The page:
Research Online

Logo

Goldsmiths - University of London

To what extent does destination recall induce episodic reliving? Evidence from Alzheimer’s disease

El Haj, Mohamad; Moroni, Christine; Luyat, Marion; Omigie, Diana and Allain, Philippe. 2014. To what extent does destination recall induce episodic reliving? Evidence from Alzheimer’s disease. Journal of Clinical and Experimental Neuropsychology, 36(2), pp. 127-136. ISSN 1380-3395 [Article]

No full text available

Abstract or Description

We compared destination memory to source memory in patients with Alzheimer’s disease (AD), as the latter type of memory is believed to be severely deteriorated in AD. Control participants and AD patients were tested on two conditions, both of which had a study phase and a recognition phase. In the study phase of the first condition, participants had to tell a set of facts to the faces of a set of celebrities (destination memory). In the study phase of the second condition, they had to receive a different set of facts from a different set of celebrity faces (source memory). During the recognition phase, participants had to indicate, for destination memory, whether they had previously told a given fact to a given face (yes) or not (no) and, for source memory, whether they had previously received a given fact from a given face (yes) or not (no). In both conditions, they were asked to choose between “remember” or “know” options when answering “yes.” AD patients showed reliable difficulties in destination recall, accompanied by a significant decrease in the number of “remember” responses they gave. AD-related destination memory decline may be attributed to the perturbation of episodic memory and its autonoetic reliving. The potential neural bases of this decline are discussed in terms of hippocampal failures.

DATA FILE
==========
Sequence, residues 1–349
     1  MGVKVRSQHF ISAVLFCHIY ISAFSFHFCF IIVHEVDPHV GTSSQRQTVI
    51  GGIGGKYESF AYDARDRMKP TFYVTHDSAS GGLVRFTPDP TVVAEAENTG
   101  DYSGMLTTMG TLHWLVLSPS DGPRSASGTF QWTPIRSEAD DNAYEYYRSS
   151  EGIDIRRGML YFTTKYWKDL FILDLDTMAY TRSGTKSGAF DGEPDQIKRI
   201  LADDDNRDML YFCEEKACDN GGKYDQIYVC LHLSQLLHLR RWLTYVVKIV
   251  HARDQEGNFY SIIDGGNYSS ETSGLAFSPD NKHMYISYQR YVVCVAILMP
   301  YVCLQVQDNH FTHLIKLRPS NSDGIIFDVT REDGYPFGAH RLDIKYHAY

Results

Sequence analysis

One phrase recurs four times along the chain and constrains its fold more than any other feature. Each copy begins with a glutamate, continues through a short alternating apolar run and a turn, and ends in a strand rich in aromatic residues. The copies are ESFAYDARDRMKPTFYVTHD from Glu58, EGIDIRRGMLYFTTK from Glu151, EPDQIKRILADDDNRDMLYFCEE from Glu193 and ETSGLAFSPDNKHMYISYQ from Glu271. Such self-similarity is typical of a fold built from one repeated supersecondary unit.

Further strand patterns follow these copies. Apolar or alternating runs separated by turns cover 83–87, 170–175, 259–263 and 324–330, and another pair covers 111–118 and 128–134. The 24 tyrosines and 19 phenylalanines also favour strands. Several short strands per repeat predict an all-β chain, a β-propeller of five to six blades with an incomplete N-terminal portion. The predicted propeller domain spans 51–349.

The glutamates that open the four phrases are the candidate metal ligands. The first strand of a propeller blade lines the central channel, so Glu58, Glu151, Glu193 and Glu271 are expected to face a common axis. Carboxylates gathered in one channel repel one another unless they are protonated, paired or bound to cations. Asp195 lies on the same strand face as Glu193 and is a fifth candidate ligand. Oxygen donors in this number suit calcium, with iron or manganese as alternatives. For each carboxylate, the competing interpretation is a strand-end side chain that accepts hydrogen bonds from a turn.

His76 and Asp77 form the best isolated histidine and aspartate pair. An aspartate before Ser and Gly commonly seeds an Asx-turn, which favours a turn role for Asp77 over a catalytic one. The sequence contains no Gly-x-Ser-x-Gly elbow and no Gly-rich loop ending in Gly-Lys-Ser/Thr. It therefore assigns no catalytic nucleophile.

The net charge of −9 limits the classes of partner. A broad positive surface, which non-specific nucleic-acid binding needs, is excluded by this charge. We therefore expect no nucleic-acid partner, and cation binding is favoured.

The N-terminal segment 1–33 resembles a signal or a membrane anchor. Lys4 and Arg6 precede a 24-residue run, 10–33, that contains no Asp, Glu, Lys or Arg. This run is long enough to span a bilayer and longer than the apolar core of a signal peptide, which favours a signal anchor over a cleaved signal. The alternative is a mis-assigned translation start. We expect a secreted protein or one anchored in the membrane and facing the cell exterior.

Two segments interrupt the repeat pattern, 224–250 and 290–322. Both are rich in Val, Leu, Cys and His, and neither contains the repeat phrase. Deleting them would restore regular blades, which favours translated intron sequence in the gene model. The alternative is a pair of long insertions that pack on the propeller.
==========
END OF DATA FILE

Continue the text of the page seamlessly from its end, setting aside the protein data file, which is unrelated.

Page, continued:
Item Type:

Article

Identification Number (DOI):

https://doi.org/10.1080/13803395.2013.869309

Keywords:

Alzheimer’s disease, Autonoetic reliving, Destination memory, Source memory

Departments, Centres and Research Units:

Psychology

Dates:

DateEvent
21 November 2013Accepted
13 January 2014Published

Item ID:

23534

Date Deposited:

02 Jul 2018 15:13

Last Modified:

02 Jul 2018 15:13

Peer Reviewed:

Yes, this version has been peer-reviewed.

URI:

http://research.gold.ac.uk/id/eprint/23534

Edit Record Edit Record (login required)